This article was originally published by Radio Free Asia and is reprinted with permission.
The Philippine Coast Guard said Monday it had challenged a Chinese warship that entered the country’s territorial waters in the South China Sea last week but eventually sailed away.
The BRP Cabra was patrolling near Marie Louis Bank – about 147 nautical miles (87 km) off the coast of El Nido town in Palawan province – when it spotted the Chinese ship on July 13, the Coast Guard said.
The incident occurred a day after the fifth anniversary of a landmark international arbitral ruling that affirmed Manila’s rights to its territories in the South China Sea and declared Beijing’s claims over most of the contested waterway as baseless.
The “navy warship had a flag of the People’s Republic of China and was marked by Chinese characters,” Coast Guard spokesman Commodore Armand Balilo said in a statement.
“BRP Cabra calmly raised a radio challenge while monitoring the movement of the said ship using radar,” Balilo said.
“The PCG vessel moved closer to see more clearly the activity of the Chinese Navy warship in our waters,” he said, using an acronym for the Philippine Coast Guard.
The Chinese warship, bow number 189, maintained silence, forcing the Philippine Coast Guard ship to use a Long-Range Acoustic Device to broadcast audible notifications and warnings.
It broke its silence and sent a radio message after the Philippine Coast Guard ship continued its challenge.
“Philippine Coast Guard 4409, this is Chinese Navy warship 189. Please keep two nautical miles distance from me,” the local coast guard quoted the message as saying.
Only then did the Chinese ship turn around to leave Marie Louise Bank, Balilo said, adding that the BRP Cabra followed to ensure that the foreign ship left the country’s exclusive economic zone.
The Philippine Coast Guard said the crew strictly followed the manual on enforcing rules within the EEZ.
“This is to ensure that we follow a rules-based and peaceful approach in guarding our democracy and that the rights of the Philippines to protect its sovereignty are protected,” Balilo said.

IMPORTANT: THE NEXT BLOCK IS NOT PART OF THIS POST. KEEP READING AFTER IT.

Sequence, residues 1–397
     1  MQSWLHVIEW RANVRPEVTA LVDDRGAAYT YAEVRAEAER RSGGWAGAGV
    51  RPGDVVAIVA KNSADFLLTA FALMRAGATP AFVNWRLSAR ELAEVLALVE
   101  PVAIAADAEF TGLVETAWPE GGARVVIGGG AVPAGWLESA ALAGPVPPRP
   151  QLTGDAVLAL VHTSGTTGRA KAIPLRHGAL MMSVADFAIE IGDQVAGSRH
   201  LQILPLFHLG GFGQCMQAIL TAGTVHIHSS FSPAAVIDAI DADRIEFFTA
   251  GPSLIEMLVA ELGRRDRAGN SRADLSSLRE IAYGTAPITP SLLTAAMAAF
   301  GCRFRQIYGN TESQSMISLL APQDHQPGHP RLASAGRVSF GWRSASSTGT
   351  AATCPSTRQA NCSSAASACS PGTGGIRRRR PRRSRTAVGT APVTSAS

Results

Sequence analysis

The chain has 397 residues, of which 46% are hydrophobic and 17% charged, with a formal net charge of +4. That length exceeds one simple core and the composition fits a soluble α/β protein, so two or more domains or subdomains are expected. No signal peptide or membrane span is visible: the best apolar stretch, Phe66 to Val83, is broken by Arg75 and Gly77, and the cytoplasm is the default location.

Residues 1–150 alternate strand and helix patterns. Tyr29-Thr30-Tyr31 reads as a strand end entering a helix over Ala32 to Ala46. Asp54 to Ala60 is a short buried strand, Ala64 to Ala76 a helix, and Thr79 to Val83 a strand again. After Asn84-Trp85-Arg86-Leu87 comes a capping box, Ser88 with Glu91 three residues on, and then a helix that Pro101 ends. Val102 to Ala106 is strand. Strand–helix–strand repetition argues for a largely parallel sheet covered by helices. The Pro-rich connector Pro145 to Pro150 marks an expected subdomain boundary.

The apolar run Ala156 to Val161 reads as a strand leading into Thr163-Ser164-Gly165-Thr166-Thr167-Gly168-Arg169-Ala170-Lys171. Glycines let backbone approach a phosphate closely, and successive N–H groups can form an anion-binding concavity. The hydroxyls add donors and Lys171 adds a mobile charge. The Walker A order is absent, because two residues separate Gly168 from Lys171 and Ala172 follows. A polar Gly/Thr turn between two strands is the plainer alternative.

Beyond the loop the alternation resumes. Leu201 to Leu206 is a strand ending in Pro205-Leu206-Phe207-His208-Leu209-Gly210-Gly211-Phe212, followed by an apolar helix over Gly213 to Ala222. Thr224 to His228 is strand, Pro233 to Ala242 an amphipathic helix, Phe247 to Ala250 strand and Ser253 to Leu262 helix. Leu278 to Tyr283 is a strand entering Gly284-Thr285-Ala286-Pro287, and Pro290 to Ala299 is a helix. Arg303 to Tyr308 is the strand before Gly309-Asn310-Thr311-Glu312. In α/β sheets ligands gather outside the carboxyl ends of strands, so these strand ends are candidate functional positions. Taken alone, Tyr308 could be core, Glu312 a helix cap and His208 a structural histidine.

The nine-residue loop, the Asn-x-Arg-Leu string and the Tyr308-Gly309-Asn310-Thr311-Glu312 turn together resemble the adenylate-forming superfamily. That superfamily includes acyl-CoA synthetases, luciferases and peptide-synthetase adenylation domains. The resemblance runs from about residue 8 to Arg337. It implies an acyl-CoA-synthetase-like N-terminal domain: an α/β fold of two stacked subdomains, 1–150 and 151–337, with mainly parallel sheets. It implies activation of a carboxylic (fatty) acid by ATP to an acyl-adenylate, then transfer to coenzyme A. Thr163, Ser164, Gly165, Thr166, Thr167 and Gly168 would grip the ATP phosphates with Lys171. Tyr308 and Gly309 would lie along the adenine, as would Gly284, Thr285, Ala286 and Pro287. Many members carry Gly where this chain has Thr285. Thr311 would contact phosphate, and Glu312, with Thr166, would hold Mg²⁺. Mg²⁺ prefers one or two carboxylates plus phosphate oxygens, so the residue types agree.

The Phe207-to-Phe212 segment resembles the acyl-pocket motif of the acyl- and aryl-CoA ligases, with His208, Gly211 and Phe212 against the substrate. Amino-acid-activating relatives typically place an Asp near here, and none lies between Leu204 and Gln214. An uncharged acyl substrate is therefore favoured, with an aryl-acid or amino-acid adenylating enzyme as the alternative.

Officials in Manila did not immediately respond when BenarNews, an RFA-affiliated online news service, contacted them to ask if this was the first incident involving a Chinese marked warship since a dispute over Chinese ships in the Philippine EEZ began in March, or why they waited nearly a week to release details about the incident at sea.
Last month, BRP Cabra chased away five Chinese and two Vietnamese ships that had been monitored in the country’s waters, according to the Coast Guard.
Backed by other ships on April 27, it chased away seven Chinese ships from Sabina Shoal, National Security Adviser Hermogenes Esperon Jr. said at the time. The shoal is 130 nautical miles (241 km) west of Puerto Princesa in Palawan province, within the EEZ.
Both the Philippines and China, as well as Brunei, Malaysia, Vietnam and Taiwan claim in whole or parts of the sea region. Indonesia does not regard itself as a party to the South China Sea dispute, but Beijing claims historic rights to parts of the sea overlapping Indonesia’s exclusive economic zone.
While President Rodrigo Duterte has said that the July 2016 the ruling by the Permanent Court of Arbitration in The Hague clearly favored the Philippines, he has been reluctant to enforce it. Duterte has maintained that China is a friend who has been generous with its economic largesse and anti-COVID19 vaccines.
His foreign and defense secretaries have pointed out that friendly relations aside, the arbitral court ruling was set in stone and was part of international law.
The United States, Japan, Australia and other countries, meanwhile, have backed the Philippines, urging China to follow international norms and stop its expansionist moves in the sea region.
The Chinese Embassy in Manila did not reply to a BenarNews request for comment on Monday. Last week, Beijing’s foreign ministry dismissed the arbitration award as “nothing more than a piece of waste paper.”